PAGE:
Influence of Government’s Sanitary Towels Initiative on Access and Participation in Education among Secondary School Girls in Nakuru County, Kenya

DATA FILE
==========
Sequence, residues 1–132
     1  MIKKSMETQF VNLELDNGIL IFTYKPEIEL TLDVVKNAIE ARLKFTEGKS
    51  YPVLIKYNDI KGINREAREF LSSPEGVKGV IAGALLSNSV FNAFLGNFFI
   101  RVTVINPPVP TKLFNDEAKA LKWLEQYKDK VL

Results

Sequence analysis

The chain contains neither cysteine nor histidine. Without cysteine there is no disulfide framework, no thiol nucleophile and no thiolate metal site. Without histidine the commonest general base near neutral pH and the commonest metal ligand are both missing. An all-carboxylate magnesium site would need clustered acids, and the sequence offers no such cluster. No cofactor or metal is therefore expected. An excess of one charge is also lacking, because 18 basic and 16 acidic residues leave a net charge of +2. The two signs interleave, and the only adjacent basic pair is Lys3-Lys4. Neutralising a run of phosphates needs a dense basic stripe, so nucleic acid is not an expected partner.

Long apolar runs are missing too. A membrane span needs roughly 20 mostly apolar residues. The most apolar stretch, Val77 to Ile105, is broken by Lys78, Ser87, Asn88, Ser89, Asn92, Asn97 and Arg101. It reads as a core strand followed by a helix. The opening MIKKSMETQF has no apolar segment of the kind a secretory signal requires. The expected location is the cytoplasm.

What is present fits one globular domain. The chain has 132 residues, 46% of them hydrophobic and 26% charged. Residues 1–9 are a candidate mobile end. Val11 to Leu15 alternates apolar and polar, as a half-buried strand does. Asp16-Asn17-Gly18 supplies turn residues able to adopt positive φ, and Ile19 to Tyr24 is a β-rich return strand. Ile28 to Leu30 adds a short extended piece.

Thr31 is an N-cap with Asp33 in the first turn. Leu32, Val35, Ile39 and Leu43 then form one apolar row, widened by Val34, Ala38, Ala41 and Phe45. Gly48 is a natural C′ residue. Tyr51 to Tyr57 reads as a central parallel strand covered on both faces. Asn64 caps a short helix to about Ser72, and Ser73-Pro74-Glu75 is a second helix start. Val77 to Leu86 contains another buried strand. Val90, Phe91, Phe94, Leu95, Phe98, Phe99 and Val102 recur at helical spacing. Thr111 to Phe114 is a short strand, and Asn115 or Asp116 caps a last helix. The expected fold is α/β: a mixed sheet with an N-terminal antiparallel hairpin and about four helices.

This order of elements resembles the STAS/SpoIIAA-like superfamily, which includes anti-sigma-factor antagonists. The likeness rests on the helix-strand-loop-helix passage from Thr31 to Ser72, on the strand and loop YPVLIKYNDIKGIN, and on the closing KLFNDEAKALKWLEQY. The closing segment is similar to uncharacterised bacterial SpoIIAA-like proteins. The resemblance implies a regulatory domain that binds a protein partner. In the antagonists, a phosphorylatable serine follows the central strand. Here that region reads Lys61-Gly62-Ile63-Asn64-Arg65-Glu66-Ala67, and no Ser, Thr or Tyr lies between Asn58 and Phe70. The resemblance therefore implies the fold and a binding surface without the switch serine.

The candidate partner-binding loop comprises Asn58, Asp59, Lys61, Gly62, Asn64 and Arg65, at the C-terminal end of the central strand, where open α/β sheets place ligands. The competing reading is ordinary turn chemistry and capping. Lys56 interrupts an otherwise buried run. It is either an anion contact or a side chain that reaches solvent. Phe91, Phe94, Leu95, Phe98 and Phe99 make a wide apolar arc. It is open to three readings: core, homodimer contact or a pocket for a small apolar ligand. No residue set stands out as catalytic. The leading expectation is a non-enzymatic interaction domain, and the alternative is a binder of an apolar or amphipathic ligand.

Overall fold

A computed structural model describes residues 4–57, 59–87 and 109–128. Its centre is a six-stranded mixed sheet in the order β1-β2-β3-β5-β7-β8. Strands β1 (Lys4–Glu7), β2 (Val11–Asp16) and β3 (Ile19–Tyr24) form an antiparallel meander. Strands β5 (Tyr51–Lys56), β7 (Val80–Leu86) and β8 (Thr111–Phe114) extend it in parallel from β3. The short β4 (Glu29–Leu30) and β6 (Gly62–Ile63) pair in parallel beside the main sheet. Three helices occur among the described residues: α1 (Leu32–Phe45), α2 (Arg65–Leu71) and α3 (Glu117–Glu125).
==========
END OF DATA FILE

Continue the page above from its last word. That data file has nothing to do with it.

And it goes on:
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Education all over the world has been prioritized as an important means for achievement of global SDGs, national development and individual’s social mobility. Educating girls is important to a nation’s development, attainment of SDGs and Kenya’s Vision 2030 considering that women and girls comprise over half the global population. Girls’ education has been hindered by several socio-cultural factors such as household chores, early marriages, teenage pregnancies and poverty which adversely affect access to basic amenities such as sanitary towels. These challenges bring about gender disparities in education. The government of Kenya is committed to end this disparity by ensuring equity of access and participation of all girls and boys in education. This is evidenced through education policies in place such as the Free Primary Education, Free Day Secondary Education, Affirmative Action and Government’s Sanitary Towels Initiative (GSTI) whose aim is to minimize barriers to education for girls and put them at par with the boys. This study’s motive was to explore the influence of GSTI on educational access and participation of secondary school girls in Kuresoi South Sub-County, Nakuru County. This study pursued trends in the provision of sanitary towels, the implications of such provision on school girls’ access and participation in education and the strategies for the sustainability of such provision in improving education. Liberal feminism theory guided this study and illuminates on how equality of opportunity is important for a person’s wellbeing thus making progressive social change possible. This theory holds that barriers to girls’ education should be eradicated so that they can receive equal educational opportunities as the boys. The study employed a descriptive survey research design; stratified random sampling and purposive sampling was useful in selecting schools and principals respectively. Simple random sampling was useful to draw class teachers and secondary school girls from the target population. Piloting was done in one school with similar characteristics as the target population. Questionnaires for students, interview schedules for principals and class teachers and document analysis are the research instruments that were useful in gathering data. Analysis of data was done both qualitatively and quantitatively. Findings revealed that GSTI is not providing adequate sanitary towels to schools despite existing policies. Further, sanitary towels provision has a positive impact on girls’ access and participation in education. This study established that the following strategies if implemented would ensure the sustainability of this initiative. There is need for adequate funding, clearer policies, constant supply through the year and increase in quality of the sanitary towels. Access to information on menstrual health and management is also very important. These findings are envisioned to be beneficial to all education stakeholders not only in Kenya but also internationally, as an eye-opener on the need of interventions to ensure equity of educational access and participation for both boys and girls.